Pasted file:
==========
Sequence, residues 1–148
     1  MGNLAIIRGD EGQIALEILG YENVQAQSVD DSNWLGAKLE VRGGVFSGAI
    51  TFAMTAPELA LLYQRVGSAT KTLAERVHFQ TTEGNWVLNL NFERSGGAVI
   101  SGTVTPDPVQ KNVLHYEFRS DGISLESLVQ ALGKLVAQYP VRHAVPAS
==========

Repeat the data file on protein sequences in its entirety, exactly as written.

Sequence, residues 1–148
     1  MGNLAIIRGD EGQIALEILG YENVQAQSVD DSNWLGAKLE VRGGVFSGAI
    51  TFAMTAPELA LLYQRVGSAT KTLAERVHFQ TTEGNWVLNL NFERSGGAVI
   101  SGTVTPDPVQ KNVLHYEFRS DGISLESLVQ ALGKLVAQYP VRHAVPAS